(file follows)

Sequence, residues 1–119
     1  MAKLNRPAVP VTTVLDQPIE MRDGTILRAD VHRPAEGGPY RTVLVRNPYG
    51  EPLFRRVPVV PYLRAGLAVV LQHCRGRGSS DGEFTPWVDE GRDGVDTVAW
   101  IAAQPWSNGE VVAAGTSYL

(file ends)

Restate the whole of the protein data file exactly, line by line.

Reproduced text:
Sequence, residues 1–119
     1  MAKLNRPAVP VTTVLDQPIE MRDGTILRAD VHRPAEGGPY RTVLVRNPYG
    51  EPLFRRVPVV PYLRAGLAVV LQHCRGRGSS DGEFTPWVDE GRDGVDTVAW
   101  IAAQPWSNGE VVAAGTSYL